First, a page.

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I have a set of python scripts which I run as a daemon services. These all work great, but when all the scripts are running and I use top -u <USER>, I see all my scripts running as python.

I would really like to know which script is running under which process id. So is there any way to execute a python script as a different process name?

I'm stuck here, and I'm not ever sure what terms to Google. :-)

Note: I'm using Ubuntu Linux. Not sure if the OS matters or not.

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3 Answers 3

up vote 1 down vote accepted

Try using setproctitle. It should work fine on Linux.

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Looks promising. I'll give it a shot and comment back here. –  Brett Mar 25 '14 at 17:57

Don't have a linux system here to test this on appropriately, but if the above doesn't work, you should be able to use the same trick they use for things like gzip etc.

The script has to tell what to run it at the top like this:

#!/usr/local/bin/python

Use a softlink like this:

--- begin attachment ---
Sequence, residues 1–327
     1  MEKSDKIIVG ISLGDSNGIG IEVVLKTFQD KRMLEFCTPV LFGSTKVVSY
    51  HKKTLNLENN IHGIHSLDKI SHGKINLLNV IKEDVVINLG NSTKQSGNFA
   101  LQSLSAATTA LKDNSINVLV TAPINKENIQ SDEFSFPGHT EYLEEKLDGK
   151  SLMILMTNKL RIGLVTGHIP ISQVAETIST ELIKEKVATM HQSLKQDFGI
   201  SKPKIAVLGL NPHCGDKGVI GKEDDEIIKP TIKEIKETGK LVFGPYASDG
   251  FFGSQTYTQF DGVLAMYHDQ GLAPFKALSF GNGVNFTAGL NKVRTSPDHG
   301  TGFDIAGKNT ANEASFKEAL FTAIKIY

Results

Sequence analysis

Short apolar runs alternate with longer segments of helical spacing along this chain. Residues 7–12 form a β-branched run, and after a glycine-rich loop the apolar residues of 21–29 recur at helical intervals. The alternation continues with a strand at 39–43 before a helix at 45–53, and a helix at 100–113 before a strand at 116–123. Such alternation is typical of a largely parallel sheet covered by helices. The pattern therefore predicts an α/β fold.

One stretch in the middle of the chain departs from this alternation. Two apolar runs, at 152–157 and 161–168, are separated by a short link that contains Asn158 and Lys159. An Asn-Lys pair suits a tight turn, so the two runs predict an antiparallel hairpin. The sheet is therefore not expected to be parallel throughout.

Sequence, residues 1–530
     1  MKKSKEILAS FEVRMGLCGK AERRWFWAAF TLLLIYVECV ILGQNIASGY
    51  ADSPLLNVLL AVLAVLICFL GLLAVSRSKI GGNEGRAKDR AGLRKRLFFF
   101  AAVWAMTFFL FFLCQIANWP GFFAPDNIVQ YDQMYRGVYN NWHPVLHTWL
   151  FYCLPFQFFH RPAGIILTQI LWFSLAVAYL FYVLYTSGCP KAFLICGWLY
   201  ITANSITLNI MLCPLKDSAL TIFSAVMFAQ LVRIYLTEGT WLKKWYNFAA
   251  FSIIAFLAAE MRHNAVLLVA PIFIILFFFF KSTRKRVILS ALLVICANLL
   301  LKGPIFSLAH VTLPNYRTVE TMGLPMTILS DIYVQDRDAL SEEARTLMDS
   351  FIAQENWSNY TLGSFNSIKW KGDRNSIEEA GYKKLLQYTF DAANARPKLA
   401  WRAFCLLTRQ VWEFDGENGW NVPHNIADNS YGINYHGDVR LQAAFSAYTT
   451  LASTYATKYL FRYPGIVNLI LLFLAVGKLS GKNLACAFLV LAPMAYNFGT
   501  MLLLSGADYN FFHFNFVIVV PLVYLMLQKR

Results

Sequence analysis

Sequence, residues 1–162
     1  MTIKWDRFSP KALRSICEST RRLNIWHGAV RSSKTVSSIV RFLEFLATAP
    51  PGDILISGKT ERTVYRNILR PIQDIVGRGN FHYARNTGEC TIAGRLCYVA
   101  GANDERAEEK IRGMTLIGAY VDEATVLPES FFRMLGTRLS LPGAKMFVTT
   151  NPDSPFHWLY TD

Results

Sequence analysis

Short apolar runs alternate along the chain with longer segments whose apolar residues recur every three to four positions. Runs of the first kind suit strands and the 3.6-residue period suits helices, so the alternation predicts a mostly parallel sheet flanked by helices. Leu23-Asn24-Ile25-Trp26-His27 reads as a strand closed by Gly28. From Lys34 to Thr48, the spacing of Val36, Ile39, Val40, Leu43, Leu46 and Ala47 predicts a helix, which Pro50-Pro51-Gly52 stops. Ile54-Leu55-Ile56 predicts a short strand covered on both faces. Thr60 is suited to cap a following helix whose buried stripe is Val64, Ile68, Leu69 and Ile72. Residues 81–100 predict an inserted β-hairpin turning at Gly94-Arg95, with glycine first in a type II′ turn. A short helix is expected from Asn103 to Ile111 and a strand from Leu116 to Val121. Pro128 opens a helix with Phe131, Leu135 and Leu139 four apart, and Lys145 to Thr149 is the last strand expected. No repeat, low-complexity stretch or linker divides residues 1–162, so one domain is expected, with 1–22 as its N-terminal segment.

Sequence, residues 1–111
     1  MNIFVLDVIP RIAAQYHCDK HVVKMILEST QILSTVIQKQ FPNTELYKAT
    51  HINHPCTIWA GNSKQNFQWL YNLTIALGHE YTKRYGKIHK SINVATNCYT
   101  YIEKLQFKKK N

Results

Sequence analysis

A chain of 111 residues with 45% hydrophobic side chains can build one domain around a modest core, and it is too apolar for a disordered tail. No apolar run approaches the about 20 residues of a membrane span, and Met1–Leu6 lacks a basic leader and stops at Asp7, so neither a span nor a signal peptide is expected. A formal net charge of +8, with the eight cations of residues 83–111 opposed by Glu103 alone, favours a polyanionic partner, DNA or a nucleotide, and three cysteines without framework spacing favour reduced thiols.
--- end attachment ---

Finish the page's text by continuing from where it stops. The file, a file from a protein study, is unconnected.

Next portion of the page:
ln -s /usr/local/bin/python ~/bin/myutil

Then just change your script to

#!~/bin/myutil

and it should show up that way instead. You may need to use a hard link instead of a soft link.

Launching a python script using the python script itself (and file associations and/or shell magic) is not very portable, but you can use similar methods on nearly any OS.

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The easiest way to get this is using she bang. The first line of your python script should be:

#!/usr/bin/python

or

#!/usr/bin/python3

depending upon whether you use python or python3

and then assign executable permissions to the script as follows:

chmod +x <scriptname>

and then run the script as

./scriptname

this will show up as scriptname in top.

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